From the very beginning of cinema, there have been amateur filmmakers at work. It wasn’t until Kodak introduced 16mm film in 1923, however, that amateur moviemaking became a widespread reality, and by the 1950s, over a million Americans had amateur movie cameras. In Amateur Cinema, Charles Tepperman explores the meaning of the “amateur” in film history and modern visual culture. In the middle decades of the twentieth century—the period that saw Hollywood’s rise to dominance in the global film industry—a movement of amateur filmmakers created an alternative world of small-scale movie production and circulation. Organized amateur moviemaking was a significant phenomenon that gave rise to dozens of clubs and thousands of participants producing experimental, nonfiction, or short-subject narratives. Rooted in an examination of surviving films, this book traces the contexts of “advanced” amateur cinema and articulates the broad aesthetic and stylistic tendencies of amateur films.
A narrative history of photography in India of the nineteenth and early twentieth century is illustrated with scenes of village life, students, merchants, rajas, and holy men, taken by indigenous artists
Survey African cinema through candid, revealing conversations with twenty of its most original and celebrated filmmakers. From the pioneers in the industry to the emerging generation, they are all bonded by their need to tell stories, to shed light on African realities, and to shape the future images of the continent. Having been in the unique position of charting the development of African cinema for the past decade, the African Film Festival is pleased to present this important anthology.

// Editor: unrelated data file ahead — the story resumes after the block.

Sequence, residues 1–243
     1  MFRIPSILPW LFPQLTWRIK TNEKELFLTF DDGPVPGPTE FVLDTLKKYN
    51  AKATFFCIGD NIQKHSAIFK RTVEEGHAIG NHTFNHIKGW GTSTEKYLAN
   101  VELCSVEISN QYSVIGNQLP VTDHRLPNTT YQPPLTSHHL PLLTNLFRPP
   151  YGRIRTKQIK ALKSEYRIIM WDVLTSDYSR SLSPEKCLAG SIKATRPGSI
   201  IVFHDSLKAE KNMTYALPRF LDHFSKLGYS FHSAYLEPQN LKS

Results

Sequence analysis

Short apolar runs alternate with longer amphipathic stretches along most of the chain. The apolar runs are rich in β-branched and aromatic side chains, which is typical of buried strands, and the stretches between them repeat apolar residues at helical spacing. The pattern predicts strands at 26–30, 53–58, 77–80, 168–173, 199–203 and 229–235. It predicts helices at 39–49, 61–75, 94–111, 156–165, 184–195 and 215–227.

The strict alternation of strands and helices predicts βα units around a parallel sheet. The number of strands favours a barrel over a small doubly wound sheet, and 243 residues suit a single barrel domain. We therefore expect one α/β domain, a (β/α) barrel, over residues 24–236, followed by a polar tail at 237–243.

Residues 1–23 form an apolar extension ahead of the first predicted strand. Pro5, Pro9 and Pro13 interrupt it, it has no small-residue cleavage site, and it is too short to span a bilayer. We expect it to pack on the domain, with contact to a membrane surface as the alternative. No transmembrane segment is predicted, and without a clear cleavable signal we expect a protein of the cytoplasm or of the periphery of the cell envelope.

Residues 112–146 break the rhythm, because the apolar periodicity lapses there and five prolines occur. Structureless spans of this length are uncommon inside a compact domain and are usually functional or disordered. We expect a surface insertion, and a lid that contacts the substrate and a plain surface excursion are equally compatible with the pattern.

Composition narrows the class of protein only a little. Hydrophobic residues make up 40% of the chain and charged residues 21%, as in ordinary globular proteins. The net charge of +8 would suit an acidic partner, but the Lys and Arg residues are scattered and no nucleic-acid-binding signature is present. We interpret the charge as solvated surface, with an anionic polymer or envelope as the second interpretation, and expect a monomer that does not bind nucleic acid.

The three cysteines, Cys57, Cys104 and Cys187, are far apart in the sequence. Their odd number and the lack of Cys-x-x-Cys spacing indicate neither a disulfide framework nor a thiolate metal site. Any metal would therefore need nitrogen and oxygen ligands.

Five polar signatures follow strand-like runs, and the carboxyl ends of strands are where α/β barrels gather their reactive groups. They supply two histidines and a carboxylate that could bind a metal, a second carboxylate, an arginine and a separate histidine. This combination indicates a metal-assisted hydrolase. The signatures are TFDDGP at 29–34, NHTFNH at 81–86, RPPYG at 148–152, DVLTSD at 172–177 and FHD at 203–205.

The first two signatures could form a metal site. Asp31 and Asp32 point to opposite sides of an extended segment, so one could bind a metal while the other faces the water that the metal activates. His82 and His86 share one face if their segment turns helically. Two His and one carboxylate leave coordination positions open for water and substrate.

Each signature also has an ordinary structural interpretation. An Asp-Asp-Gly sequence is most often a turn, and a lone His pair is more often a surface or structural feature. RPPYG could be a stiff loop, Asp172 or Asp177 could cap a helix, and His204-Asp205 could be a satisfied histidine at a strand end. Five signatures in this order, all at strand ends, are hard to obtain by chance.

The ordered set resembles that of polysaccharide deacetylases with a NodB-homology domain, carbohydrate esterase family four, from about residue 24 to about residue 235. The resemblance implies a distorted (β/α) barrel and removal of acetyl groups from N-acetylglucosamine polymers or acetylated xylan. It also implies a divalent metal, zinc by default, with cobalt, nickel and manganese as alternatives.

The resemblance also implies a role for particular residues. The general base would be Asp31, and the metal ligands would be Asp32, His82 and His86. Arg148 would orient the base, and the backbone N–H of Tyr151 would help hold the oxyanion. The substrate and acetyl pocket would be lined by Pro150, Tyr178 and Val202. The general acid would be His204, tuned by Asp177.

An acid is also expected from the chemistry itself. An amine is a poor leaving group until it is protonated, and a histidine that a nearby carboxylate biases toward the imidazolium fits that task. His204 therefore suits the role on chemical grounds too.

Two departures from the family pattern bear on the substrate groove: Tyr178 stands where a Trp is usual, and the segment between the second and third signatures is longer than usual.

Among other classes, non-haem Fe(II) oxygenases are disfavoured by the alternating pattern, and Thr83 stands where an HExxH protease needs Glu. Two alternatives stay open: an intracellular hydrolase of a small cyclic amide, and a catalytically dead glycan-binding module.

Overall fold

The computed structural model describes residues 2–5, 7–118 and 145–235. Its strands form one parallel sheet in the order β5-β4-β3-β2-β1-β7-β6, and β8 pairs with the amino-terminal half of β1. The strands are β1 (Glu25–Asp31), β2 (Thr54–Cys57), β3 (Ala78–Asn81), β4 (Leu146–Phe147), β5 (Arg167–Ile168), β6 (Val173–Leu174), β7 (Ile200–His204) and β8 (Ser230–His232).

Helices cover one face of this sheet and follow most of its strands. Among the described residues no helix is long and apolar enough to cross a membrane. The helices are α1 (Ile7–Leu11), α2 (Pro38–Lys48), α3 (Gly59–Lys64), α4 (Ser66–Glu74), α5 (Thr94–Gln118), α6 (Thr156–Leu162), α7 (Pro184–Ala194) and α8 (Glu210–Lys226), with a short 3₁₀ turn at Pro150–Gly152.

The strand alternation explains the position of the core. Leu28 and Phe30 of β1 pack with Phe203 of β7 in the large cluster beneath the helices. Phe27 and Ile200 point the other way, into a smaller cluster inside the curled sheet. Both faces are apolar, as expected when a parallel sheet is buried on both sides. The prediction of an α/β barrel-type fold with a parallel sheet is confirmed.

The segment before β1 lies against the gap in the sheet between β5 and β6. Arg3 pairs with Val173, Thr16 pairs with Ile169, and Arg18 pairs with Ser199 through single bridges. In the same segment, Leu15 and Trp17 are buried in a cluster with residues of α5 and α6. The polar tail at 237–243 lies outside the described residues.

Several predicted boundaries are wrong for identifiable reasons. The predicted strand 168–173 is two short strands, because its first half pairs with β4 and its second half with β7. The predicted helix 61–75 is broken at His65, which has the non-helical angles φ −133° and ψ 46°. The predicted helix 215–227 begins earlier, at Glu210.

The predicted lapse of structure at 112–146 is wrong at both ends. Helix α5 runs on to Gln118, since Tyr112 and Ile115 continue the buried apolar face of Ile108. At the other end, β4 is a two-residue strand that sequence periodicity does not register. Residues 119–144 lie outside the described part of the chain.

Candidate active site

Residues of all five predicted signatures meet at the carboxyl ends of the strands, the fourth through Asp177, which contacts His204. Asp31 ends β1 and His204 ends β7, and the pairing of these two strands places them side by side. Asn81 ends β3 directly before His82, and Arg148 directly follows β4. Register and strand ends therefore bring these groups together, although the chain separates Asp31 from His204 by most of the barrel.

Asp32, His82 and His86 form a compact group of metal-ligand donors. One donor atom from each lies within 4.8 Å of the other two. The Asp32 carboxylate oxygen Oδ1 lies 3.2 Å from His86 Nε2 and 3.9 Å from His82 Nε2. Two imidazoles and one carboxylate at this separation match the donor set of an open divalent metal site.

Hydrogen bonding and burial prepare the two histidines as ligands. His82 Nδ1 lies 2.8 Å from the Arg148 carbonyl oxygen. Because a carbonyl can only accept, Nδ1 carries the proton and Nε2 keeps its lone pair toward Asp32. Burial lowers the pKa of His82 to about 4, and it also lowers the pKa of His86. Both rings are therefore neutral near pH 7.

This is the final volume of three books containing papers from the ASTENE conference at Cambridge in 1999. The theme of this title is the 18th and 19th Century European fascination with Egypt. This interest had begun during the Enlightenment and was fuelled by the invasion of Egypt by Napoleon in 1798. For many Europeans of this age, Egypt represented all the exoticism, sensuality and mystery of the Orient, and these nine papers (one of which is in French) seek to explore this relationship. Contents: A public pageant in 1806: Lord Valentia visits Egypt (Deborah Manley); Berths under the Highest Stars: Henry William Beechey in Egypt 1816-1819 (Patricia Usick); Florence Nightingale's Letters from Egypt (Loubna Youssef); Preparing to be an Egyptologist: Amelia Edwards before 1873 (Joan Rees); Rameses III, Giovanni Belzoni and the Mysterious Reverend Browne (Penelope Wilson); A House, a museum and a legend: Bait al-Kretliya (The Gayer-Anderson Mummy) (Iain Gordon Brown); Silent travellers, articulate mummies: 'Mummy Pettigrew' and the Discourse of the Dead (Sahar Sobhi Abdel-Hakim); Les detours fictionnels du recit de voyage: Le Nil, Egypte et Nubie de Maxime du Camp (Veronique Magri-Mourges).